The analysis results are summarised in Table 2.
HSBC, as the biggest bank in the group, would want to stay in the lead, even widen it by increasing its customers, so the ad campaign would reflect a strategy to accomplish such, using the tagline "The World's Local Bank" to communicate the bank's credentials and highlight its expertise to give customers what they want. Striking images that generate opposite sentiments allow its advertisements to emphasise HSBC's knowledge of customers' intimate details, sending the message that the bank knows what they want. This is based on the recognition that each person may see the same thing in different ways because each one is unique. Emphasising its knowledge of different cultures where the bank operates, HSBC shows that it retains a local touch, appealing to customers to trust the bank.
Gaining the customer's trust is important because the bank is a repository of something of value to the customer's present and future: wealth. The bank has to look trustworthy, competent, but daring. HSBC's recent change to the "What's Your Point of View" campaign relies on customer-generated content to extend and reinforce its previous message in a way that is consistent with the assumption that in a world increasing in sameness, customers are tired of the same things and are looking for something new, and that being new and different creates the potential to discover new experiences that could make the customer rich in their humanity. Associating the knowledge of other cultures with personal growth, HSBC sends the message that its familiarity with the unique, the unexpected, diversity and uncertainty is a quality that helps the bank grow the customer's wealth.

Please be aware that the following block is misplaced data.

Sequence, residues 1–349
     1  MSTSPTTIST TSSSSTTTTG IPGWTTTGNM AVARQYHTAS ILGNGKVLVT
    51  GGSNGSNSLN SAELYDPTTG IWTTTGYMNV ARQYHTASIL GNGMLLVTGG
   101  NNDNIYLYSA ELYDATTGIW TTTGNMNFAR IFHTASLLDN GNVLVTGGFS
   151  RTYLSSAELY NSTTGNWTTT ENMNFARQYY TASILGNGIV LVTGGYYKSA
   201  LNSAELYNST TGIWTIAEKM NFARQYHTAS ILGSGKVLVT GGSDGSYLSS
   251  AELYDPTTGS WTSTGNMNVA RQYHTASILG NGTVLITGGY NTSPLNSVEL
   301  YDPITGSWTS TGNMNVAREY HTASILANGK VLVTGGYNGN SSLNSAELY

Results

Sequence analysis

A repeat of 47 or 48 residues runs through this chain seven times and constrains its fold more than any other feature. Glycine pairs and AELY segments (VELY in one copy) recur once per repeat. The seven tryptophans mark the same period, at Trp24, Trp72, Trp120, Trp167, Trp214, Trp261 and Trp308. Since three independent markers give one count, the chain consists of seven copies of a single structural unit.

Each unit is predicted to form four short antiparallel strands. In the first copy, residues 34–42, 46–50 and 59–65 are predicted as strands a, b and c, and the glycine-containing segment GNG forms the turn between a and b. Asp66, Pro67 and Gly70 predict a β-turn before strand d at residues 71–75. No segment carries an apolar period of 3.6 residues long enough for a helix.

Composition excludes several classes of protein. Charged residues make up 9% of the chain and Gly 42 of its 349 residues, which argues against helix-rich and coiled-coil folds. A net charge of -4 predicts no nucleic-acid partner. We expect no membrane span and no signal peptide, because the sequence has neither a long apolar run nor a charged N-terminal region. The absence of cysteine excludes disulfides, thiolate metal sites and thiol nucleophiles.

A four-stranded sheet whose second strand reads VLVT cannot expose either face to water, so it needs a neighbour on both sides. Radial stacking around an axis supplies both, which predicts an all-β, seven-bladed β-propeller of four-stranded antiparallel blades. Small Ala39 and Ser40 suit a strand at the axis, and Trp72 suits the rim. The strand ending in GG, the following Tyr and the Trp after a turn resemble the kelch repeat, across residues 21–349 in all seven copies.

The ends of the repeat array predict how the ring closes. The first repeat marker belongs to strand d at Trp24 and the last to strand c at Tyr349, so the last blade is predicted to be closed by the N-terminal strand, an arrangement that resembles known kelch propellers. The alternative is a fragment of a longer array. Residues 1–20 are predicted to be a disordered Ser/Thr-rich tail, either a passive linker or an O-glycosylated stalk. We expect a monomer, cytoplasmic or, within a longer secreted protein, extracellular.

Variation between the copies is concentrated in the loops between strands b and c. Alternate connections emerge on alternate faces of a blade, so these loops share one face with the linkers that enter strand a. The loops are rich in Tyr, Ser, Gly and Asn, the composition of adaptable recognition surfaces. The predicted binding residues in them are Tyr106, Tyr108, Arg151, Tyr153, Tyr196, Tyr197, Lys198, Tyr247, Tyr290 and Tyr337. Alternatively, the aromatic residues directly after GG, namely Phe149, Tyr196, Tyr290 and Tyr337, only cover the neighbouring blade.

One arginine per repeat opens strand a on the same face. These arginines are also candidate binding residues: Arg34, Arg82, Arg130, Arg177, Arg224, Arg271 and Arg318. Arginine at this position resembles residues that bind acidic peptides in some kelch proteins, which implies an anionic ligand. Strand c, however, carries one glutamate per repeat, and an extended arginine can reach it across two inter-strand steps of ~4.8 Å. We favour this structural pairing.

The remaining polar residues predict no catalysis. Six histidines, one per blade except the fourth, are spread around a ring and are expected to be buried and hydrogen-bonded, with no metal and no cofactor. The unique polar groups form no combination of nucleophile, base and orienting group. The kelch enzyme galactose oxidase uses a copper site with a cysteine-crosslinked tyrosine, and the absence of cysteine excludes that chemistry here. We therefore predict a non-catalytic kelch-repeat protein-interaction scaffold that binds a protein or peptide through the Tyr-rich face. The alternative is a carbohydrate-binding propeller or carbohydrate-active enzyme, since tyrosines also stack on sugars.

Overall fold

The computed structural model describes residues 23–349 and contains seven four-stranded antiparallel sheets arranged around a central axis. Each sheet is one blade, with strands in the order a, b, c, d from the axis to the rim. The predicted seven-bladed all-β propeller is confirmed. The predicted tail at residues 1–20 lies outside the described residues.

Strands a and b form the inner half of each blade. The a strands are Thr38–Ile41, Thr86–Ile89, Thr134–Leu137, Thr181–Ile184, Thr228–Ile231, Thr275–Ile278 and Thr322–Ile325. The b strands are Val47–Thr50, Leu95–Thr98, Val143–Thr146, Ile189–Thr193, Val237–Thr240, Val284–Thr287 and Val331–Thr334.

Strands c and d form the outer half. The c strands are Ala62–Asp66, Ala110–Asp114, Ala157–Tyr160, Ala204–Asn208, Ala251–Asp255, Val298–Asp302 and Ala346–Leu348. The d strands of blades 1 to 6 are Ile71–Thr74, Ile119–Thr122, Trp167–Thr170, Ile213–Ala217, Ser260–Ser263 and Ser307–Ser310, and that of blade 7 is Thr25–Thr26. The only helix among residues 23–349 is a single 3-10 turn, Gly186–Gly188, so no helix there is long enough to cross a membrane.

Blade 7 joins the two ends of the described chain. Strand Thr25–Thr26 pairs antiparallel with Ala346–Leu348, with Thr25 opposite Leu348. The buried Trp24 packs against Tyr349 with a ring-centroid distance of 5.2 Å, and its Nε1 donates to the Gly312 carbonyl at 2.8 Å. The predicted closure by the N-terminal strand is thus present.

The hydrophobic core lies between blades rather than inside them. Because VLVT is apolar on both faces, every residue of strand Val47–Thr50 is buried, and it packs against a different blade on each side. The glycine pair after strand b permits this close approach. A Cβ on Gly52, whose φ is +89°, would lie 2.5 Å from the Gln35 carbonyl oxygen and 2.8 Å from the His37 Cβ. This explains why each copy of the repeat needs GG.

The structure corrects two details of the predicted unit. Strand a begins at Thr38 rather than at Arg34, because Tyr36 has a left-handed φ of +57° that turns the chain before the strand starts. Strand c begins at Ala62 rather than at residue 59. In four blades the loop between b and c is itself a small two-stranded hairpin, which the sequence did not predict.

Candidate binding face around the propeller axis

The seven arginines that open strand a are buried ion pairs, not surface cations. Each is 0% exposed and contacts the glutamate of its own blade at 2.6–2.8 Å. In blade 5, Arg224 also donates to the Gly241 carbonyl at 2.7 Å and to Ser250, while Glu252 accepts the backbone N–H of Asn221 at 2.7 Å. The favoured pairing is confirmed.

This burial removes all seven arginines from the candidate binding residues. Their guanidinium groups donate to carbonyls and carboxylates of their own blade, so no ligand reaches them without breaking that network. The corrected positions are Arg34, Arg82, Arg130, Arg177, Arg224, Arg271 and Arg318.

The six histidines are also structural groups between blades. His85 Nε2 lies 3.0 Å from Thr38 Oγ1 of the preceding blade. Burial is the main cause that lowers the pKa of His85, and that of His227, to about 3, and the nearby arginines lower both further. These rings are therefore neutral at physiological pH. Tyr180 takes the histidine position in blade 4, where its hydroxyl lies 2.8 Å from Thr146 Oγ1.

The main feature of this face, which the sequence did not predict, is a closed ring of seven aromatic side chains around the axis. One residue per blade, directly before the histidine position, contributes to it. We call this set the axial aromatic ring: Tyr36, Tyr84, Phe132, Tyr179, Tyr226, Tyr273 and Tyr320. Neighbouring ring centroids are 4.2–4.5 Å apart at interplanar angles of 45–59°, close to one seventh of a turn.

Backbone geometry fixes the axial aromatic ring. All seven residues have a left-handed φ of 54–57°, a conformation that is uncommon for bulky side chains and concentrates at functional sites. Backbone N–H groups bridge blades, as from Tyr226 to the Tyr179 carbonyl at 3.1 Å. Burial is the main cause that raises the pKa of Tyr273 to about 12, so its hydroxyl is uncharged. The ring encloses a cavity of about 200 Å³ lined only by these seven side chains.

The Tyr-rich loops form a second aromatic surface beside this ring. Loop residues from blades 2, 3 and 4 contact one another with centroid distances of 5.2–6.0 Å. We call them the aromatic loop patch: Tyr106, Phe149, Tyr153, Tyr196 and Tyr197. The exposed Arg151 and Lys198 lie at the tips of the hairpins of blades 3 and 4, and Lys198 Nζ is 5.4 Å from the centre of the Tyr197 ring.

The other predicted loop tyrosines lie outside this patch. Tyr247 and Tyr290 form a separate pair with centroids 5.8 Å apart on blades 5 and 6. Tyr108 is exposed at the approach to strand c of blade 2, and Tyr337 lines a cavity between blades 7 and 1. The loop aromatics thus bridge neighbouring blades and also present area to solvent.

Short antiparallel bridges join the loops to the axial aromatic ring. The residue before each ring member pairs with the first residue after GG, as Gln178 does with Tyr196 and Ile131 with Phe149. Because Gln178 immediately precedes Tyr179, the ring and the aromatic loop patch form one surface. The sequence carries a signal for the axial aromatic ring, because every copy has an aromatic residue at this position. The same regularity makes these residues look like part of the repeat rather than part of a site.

The bank's consistent use of "The World's Local Bank" and the single, unified, and easily recognisable global brand represented by the red and white hexagon logo reveals HSBC's core marketing strategy, which is to make the bank the preferred choice for every customer, retaining what they have and encouraging potential customers to give HSBC a try.
HBOS: Always Giving You Extra
Halifax Bank of Scotland (HBOS) is playing catch up with HSBC and would want to distance itself from its Scottish cousin, the Royal Bank of Scotland. As can be seen from Table 1, HBOS is not as profitable as RBS, so it would design a marketing strategy that would allow it to get closer to HSBC and make it more profitable than RBS. This means increasing its customer base and revenues, and finding a way to get more profits out of each. HBOS does this uniquely, using its staff - colleagues as the bank calls them - to sell products in print and TV ads. For years, HBOS has been running singing auditions amongst its back office and front line colleagues to choose a "Star Colleague" to appear in their ads.
Behind such a marketing strategy are two messages HBOS wants to send. First, that the bank has a "human" touch, that its people are extra special and possess an X-factor (playing on the bank's logo) that makes them go to extraordinary lengths for their customers. Second, building on this human and personal connection makes it easier to cross-sell other products and services. The first brings in the customers, whilst the second brings in the profits because as Reicheld (1994) argued, increasing customer loyalty can